Post World War I in the United Kingdom, many battle hardened veterans no longer viewed themselves as servants to the wealthier classes of society and demanded social equality, suddenly realizing that work in factories and within dense city populations could provide a better standard of living than within small economically cut off villages. Suddenly, without warning, aristocratic estate owners went from paying 6% on their income tax, to a much higher rate in line with what a common person would pay. Due to this massive increase in the amount of income now required to continue the running of an estate, many were demolished during the 1950’s and 1960’s and much of the artwork within these homes which initially would have been passed down throughout subsequent generations as family heirlooms, were sold to the U.S. as the U.S. was the wealthiest nation in the world during the era and had the ability to help once wealthy families avoid complete financial ruin. Most aristocratic dynasties simply gave up with the introduction of these new income tax policies as the cost of maintenance was simply too great for what an estate could reasonably generate

Pablo Picasso’s Politically Charged Guernica Painting


On April 26, 1937, Guernica, Spain was severely bombed due to civil conflict brought on by World War II. The Basque town of Guernica was openly hostile towards General Francisco Franco’s ideologies, and because of this, Franco unleashed a 3.5 hour bombing raid upon this defenseless city, with help from German allies. In total, 1650 people were killed, 900 injured, and most of the township was destroyed, an event which sparked international outrage. Pablo Picasso created a piece of artwork as sentiment towards anti-war and anti-violence entitled “Guernica”. Picasso understood that artwork and politics rarely go together hand in hand and so he created not a piece of aircraft and bombs but rather of horses and swords, as he was determined not to create artwork which could be used as propaganda in the future. The bull depicted within the painting is designed to represent Franco and his military powers and the suffering horses and weeping woman symbolize the people of Spain. Picasso’s Guernica work became a timeless masterpiece and a copy of it is on display at the United Nations world headquarters in New York City, United States of America. The Guernica painting was covered briefly with a veil during 2003 when U.S. General Colin Powell announced the United States’ decision to invade Iraq. The Guernica image was seen as incendiary commentary and therefore intolerable during this chaotic period. The Guernica painting has become a symbol of protest to violence, war, and military regimes, not just for every country in the world, but of the 20th century and beyond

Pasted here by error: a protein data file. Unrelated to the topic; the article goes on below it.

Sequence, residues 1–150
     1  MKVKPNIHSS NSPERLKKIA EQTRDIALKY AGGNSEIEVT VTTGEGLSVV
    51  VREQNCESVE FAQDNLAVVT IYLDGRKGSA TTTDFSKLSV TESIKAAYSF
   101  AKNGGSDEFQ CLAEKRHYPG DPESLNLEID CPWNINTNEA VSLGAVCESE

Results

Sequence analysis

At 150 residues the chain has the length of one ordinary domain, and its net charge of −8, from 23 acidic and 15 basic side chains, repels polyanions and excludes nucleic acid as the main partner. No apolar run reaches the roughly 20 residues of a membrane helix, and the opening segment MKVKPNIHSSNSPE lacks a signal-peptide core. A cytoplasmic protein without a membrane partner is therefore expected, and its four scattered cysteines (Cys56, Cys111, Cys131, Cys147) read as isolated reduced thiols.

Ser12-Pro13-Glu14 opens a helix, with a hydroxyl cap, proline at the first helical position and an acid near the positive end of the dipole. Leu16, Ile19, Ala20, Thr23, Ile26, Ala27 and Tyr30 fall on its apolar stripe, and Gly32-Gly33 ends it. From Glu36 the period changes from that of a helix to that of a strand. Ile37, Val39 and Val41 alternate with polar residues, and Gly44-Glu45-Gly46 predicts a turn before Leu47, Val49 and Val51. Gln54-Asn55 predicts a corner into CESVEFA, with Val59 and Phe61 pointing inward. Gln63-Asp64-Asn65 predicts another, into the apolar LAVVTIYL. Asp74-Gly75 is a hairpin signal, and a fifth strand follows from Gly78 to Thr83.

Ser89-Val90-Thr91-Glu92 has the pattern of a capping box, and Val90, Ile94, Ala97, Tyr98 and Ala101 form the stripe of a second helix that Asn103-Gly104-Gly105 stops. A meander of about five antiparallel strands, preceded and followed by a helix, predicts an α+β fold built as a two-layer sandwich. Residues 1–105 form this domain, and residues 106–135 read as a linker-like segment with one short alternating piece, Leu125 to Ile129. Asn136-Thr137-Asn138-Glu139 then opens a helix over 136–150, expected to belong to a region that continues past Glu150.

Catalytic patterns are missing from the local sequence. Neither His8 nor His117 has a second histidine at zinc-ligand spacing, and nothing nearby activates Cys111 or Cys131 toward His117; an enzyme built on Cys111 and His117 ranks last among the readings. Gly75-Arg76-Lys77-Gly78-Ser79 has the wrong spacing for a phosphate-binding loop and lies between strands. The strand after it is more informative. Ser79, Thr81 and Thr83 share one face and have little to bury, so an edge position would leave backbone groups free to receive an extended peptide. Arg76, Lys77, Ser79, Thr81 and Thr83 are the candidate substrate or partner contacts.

Adolf Hitler’s Perverted View of the Arts 


Adolf Hitler attempted to become a watercolorist painter during his early adult life and attended art school. Hitler dropped out and became a politician but he continued to have a deep fascination and appreciation of artwork and architecture, however he harbored strong disdain for modern art. While imprisoned for attempting to challenge the German socialist political party in power at the time, Hitler wrote a manuscript which served as a blueprint for a new kind of German society, and in this manifesto he characterized modern art as a toxic moral plague upon society, pestilence sent by Russian communists and sold by Jewish art dealers to infect Germany with cubism, and other forms of Bolshevist viewpoints